“With great power comes great responsibility.”
This is a phrase said to Superman by his father as he is learning how to harness his abilities. If you think about it, isn’t that something in basketball coaching that we should be telling the potential floor leaders from an early age? You want your players to be confident in their abilities and have them shine on and off the court. However, you don’t want them to be arrogant and try to outshine their teammates, but rather help them all stay involved and work together as a unit.
The first thing to understand is confidence/arrogance is a teachable trait. It is an attitude-based characteristic that can be molded. The sooner it is understood, the better for your program. The difference between confidence and arrogance can be the difference between a good practice or a great practice, a good game or a great game, and a good season or a great season.
The first time I get to interact with our players on a day-to-day basis is when they are freshmen. I like to step back and watch their mannerisms towards each other and the older players. Do they interact at the same maturity level? How do the more experienced ones treat the less experienced ones? Do they try and guide them or do they just do nothing and worry about themselves? From this point I have to start making major decisions for the program’s benefit over the next four seasons.
Importance of Leadership
The single most important factor is finding which players the team tends to gravitate towards. From there, I try to help teach them how to be leaders. That isn’t always easy because there are different kinds of leadership qualities. When you identify those potential leaders it’s a must to start molding them as soon as you can.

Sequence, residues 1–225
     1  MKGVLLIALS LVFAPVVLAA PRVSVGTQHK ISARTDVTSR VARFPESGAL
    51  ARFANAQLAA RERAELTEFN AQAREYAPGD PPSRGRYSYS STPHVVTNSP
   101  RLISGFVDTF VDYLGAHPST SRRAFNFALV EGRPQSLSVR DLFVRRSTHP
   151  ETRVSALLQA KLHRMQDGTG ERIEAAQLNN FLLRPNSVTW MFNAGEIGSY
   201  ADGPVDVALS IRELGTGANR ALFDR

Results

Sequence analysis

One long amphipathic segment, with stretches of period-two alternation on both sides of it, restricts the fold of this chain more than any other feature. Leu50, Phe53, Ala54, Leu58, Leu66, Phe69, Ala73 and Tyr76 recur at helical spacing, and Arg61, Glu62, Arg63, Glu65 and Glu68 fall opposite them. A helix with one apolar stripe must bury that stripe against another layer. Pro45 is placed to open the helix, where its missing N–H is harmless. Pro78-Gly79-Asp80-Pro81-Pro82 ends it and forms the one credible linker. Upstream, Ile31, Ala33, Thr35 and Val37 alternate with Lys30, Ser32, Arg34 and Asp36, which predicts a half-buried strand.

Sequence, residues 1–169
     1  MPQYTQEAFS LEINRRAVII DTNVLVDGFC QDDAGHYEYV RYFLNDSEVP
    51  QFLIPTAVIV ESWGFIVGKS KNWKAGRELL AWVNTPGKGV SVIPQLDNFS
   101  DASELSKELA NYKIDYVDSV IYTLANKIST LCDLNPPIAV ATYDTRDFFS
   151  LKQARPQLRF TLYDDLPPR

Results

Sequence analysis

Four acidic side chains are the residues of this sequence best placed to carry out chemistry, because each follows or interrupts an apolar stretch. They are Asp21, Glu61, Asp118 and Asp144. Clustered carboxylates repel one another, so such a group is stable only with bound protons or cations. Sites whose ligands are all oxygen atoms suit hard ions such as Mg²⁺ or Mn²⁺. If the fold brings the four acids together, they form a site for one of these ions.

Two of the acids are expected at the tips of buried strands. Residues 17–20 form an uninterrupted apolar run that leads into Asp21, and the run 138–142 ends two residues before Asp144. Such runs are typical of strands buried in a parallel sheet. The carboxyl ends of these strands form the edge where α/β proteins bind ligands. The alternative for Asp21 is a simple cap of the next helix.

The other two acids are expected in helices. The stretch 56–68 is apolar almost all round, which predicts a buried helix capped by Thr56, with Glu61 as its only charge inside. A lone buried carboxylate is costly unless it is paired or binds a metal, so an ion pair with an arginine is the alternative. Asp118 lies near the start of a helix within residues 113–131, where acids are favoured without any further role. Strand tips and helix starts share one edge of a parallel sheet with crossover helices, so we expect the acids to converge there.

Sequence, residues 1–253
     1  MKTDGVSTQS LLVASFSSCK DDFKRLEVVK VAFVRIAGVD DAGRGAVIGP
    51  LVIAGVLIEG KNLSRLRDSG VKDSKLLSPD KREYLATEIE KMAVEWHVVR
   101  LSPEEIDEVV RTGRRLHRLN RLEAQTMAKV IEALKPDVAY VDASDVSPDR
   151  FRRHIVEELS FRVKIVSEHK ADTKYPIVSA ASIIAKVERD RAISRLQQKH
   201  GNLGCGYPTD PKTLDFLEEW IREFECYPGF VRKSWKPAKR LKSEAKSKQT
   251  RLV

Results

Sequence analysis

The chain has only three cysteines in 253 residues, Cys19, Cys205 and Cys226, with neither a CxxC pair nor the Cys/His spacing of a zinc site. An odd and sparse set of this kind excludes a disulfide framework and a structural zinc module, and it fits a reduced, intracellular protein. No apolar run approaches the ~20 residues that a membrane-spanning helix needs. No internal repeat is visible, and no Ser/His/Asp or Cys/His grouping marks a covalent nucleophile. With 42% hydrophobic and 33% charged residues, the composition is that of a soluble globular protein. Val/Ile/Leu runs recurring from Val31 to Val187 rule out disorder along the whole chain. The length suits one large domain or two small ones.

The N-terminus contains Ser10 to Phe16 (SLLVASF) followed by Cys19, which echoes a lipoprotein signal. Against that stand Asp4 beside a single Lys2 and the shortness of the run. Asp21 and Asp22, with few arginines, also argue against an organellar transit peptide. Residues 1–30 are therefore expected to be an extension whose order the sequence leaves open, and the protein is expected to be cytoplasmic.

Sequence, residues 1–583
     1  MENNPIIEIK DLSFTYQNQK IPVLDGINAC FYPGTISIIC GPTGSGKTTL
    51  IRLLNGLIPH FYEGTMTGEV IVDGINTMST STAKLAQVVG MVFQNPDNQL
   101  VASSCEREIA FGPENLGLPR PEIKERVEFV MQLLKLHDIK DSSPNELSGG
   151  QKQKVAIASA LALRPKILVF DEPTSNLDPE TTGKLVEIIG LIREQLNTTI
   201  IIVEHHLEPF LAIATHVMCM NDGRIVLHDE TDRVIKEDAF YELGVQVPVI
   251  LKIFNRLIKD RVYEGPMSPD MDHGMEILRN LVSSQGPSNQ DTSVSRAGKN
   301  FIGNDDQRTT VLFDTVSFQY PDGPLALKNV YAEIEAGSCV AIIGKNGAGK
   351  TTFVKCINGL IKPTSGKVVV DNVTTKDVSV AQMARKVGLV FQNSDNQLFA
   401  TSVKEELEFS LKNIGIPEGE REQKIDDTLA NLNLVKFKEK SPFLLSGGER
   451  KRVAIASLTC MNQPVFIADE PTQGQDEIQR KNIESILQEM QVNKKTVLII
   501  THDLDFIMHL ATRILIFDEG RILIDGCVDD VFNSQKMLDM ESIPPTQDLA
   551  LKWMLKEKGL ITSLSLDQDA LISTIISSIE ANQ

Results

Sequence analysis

To me, the first conversation you should have with a potential leader of the team is this one (you’ve likely spent hours perparing this in your own head)…
“There is a difference between arrogance and confidence and I need you to understand it. Confidence is not only believing in your abilities but trusting those around you and inspiring them to be better and believing in their abilities as well. Arrogance is focusing on yourself too much and not your teammates to accomplish a team goal.
If you have goals of being a state champion some day you need to do more than just understand the difference. You need to embody it at all times and in all things because it goes beyond basketball. If you are a contributing varsity player as a freshmen you will need to make sure that your classmates respect who you are as they are working to get where you are. You need to help them and, most of all, respect them. One day they will make it here and you will need them just as much as they need you. They may be a bit envious right now but they still need you to lead them with confidence – not arrogance.”
If you can walk away with a sense that you have made an impact to guide a player into becoming a leader, then you have made a huge impact on the future of your program.
Also, remember that you are dealing with teenagers so feel free to remind them once and awhile with a little question…
Confident or Arrogant?
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